This is optional, but I like to create pip environments to keep my tools and dependencies separate. These commands will create a virtual python environment based on Python 3.9:
pipenv --python 3.9 pipenv shell
Now let’s install Checkov and test by getting the version. Kustomize support was added in 2.0.752, so make sure you’re running that version or later. macOS fans can alternatively
brew install checkov too.
pip install checkov checkov --version
Now let’s scan some Kustomize for security misconfigurations.
But wait, you don’t have any Kustomize templates handy… There’s a repo for that!
KustomizeGoat to the rescue!
Saving the day (and looking precarious on mountains) like only goats can, KustomizeGoat is an educational resource containing three different Kustomize overlays of various security postures.
Let’s take it for a spin with Checkov and find out where our security issues lie!
The easiest way to use Checkov is
checkov -d. This will enable all frameworks and scan all IaC within all subdirectories, including Kustomize, Dockerfiles, secrets, Terraform, and a whole lot more.
This is super useful for continuous integration (CI) environments as a “catch-all” for any infrastructure misconfigurations, but since we know we’re dealing with Kustomize, let’s thin out the output a little and tell Checkov only to scan Kustomize templates:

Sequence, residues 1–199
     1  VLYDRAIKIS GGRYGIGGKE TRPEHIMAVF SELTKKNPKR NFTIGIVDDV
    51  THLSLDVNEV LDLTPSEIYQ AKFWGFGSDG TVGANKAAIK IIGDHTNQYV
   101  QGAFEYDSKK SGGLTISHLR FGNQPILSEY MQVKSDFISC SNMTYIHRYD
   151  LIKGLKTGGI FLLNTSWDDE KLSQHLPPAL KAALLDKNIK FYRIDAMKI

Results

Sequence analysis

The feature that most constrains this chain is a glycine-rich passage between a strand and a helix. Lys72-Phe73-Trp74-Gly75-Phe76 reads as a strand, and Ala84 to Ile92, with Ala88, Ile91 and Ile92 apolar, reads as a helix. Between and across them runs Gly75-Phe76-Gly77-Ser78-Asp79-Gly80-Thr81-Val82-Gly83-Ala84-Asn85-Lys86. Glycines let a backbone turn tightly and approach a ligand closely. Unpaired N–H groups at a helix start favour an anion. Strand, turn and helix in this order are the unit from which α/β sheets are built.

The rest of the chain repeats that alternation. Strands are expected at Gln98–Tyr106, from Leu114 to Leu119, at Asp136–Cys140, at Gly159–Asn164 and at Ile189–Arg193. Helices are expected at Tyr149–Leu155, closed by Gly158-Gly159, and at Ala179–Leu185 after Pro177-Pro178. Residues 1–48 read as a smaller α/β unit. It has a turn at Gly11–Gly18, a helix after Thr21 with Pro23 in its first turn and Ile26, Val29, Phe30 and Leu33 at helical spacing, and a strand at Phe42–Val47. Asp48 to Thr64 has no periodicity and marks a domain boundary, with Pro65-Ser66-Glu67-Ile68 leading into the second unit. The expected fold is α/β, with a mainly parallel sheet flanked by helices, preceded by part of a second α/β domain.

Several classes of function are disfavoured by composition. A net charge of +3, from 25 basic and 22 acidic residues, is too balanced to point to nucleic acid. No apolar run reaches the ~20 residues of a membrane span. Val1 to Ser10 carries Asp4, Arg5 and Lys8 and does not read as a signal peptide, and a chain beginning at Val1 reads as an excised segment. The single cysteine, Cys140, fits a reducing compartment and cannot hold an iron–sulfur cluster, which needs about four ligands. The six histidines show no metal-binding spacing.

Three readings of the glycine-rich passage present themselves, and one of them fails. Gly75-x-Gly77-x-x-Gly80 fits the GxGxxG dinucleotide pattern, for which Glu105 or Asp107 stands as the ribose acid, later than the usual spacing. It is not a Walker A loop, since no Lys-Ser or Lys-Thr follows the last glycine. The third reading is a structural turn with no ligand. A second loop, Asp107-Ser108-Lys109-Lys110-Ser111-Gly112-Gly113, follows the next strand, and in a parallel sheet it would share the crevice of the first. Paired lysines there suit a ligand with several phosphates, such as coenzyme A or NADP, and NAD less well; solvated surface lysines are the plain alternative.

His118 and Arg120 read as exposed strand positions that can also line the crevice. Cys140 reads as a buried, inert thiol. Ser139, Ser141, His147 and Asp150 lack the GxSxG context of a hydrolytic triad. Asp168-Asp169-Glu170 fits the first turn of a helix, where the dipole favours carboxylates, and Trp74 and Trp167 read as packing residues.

git clone https://github.com/bridgecrewio/kustomizegoat.git cd kustomizegoat checkov -d . –-framework kustomize
We can clean up this output even more to just failed checks and hide the helpful code segments if we wish, with the following extra Checkov flags:
git clone https://github.com/bridgecrewio/kustomizegoat.git cd kustomizegoat checkov -d . –-framework kustomize --quiet --compact
Notice Checkov gives us a separate set of outputs for each Kustomize overlay and the base manifests themselves. This is because each overlay has the ability to introduce (or fix) security issues, so we provide information on each, with a useful overlay name and path to the kustomization.yaml file in question:
If we wanted to scan just a single overlay, that works too:
checkov -d kustomize/overlays/prod --framework kustomize --quiet --compact
Taking it to the next level
To visualize large outputs more efficiently, or to capture a log of all previous CI runs without digging through output logs, connect to the Bridgecrew platform by simply passing an API key to the same Checkov commands to see the results in the Bridgecrew dashboard:
git clone https://github.com/bridgecrewio/kustomizegoat.git cd kustomizegoat checkov -d . –-framework kustomize –bc-api-key <Your API Key from https://bridgecrew.cloud>
Each Checkov run will then output a link to display the output within Bridgecrew:
Following the link provides a much more visual exploration of issues within the Bridgecrew platform with filters for criticality and type:
Previous CI runs are catalogued on the Code Reviews page:
Kustomize makes templatizing and reusing Kubernetes manifests easier without recreating entire manifests. Now with Checkov, you can make those manifests and all of the resulting environments more secure from the start.
We’d love your feedback and to hear about your Kubernetes Checkov use cases! Shout us at @bridgecrewio or come and join our Slack community!